By Analyzing Income Streams
Occasionally every person poses the question to themselves, whether they are making enough money, and how can they maximize the amount of money available in their life. This goes for everyone from the business owner an office downtown to the couple that both work to receive a W-2 wage and have a home in a suburb.
So the real question is, how much does it cost me to make the money that I make?
For a home with two working parents the cost of childcare, additional fuel, possible eating out, etc. must be factored in when deciding if both parents working the standard workweek is the best idea. (So the young couple has a baby father is a carpenter and the mother teaches 2nd grade. Is it more fiscally responsible to put the new baby in daycare, the father put away the hammer for a few years, or the mother put down the chalk. And then the trickier question is, how does the decision affect the overall home life and monetary future of the young family.)
For the store owner who sells many different products through many different points of sale, the decision-maker must factor in their cost of goods for each product and compare it to the income received from each point of sale individually. (Is it worth it for me to sell hotdogs at my corner store with a profit margin of 20% on $100 of gross sales, when my marketing on UBER Eats yields a 25% margin of $300, which I then pay 3% back to UBER. And then the even trickier question is can one income stream survive stand-alone without the other. Either way, someone must be there to cook the hotdogs.)
The examples are endless, and the options could be considered forever. But he fact of the matter is, these decisions are made every day, and by everyone.
So to start the process, in any financial situation, you must right out all the factors that you know and while processing that data keep note of the factors that may come up during the options that seem viable to you. This is by far the most daunting part, so if you feel like this is a big decision, have a consult at his point. Not necessarily with an accountant, business consultant, or tax professional, but just a person that you trust to have your best interest in mind that may have some insight to shed. You’d be surprised what you can learn from a free consult with a tax preparer while they are preparing your return, well from the good ones anyway. If you begin the process on the right foot, the rest is very simple. Outside of the emotional part (do I want my child in daycare or maybe I like the customer interaction and that’s why I keep coming to the corner store to make hotdogs) the remaining factors are mathematical and incredibly cut and dry. Gross Income – Expenses = Available Funds. And in nearly all cases, clearing out certain gross income does not yield a 1:1 ratio to expenses saved.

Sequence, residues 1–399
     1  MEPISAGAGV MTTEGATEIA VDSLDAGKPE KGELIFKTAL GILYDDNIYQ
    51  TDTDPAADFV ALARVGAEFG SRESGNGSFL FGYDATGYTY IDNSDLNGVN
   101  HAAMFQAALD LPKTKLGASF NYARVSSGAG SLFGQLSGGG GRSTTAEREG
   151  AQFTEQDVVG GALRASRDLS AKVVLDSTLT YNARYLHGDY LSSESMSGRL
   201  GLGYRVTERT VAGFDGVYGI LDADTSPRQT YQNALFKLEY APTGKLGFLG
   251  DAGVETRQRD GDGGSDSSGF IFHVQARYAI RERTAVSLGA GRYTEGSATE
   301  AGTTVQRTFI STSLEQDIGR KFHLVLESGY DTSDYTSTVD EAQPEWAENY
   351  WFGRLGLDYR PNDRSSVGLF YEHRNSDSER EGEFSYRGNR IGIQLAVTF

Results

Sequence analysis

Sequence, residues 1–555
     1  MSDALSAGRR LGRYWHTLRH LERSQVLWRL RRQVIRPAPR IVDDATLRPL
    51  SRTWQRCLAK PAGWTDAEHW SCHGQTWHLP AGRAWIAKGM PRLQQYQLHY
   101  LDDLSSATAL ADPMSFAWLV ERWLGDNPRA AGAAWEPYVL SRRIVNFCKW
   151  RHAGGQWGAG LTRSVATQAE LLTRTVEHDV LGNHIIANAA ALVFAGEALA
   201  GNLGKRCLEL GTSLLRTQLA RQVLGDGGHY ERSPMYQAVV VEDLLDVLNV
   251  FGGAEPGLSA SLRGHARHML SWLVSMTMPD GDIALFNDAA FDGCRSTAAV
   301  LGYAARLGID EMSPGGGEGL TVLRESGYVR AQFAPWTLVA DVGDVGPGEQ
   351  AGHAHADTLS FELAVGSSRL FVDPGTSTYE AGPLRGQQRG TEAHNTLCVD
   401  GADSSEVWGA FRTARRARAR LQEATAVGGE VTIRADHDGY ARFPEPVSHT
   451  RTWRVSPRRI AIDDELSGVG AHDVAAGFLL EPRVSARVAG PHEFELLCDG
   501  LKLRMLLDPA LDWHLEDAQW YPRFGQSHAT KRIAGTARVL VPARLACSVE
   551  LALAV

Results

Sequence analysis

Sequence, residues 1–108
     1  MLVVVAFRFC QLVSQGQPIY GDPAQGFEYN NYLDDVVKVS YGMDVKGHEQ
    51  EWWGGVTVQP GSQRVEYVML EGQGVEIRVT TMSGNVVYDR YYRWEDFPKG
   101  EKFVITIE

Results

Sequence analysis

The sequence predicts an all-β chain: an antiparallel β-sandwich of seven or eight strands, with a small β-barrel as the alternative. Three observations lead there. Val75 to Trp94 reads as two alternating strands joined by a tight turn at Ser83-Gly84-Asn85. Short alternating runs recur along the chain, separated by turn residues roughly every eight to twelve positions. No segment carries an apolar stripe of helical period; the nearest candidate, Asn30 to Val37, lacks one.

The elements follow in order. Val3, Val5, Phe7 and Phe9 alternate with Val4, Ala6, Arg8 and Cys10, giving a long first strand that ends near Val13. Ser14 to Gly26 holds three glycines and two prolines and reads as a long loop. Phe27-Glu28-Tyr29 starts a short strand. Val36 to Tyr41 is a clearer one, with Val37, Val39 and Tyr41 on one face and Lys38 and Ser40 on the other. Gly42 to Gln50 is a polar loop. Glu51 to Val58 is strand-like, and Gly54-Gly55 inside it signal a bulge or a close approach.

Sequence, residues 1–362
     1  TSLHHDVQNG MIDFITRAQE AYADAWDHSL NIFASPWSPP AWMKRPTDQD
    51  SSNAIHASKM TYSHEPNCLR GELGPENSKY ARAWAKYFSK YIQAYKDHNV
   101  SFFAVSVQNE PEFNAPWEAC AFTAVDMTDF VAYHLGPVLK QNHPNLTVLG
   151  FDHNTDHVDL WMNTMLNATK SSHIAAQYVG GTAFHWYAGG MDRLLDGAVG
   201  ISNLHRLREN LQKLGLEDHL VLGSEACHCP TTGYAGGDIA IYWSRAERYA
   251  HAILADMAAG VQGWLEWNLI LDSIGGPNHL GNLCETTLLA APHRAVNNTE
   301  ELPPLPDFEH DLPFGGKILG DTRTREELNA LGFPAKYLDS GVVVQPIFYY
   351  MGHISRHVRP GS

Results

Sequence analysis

If you aren’t recognizing all your income streams and analyzing their net effect on the overall financial well being of you as the decision-maker. Then you could be missing out on a huge part of money management. Learn how to do what you enjoy doing, in the ways that make you the most profit, and possibly even have a personal life while you do it.
Contact us at BBTS, where your business and personal financial well-being is our priority.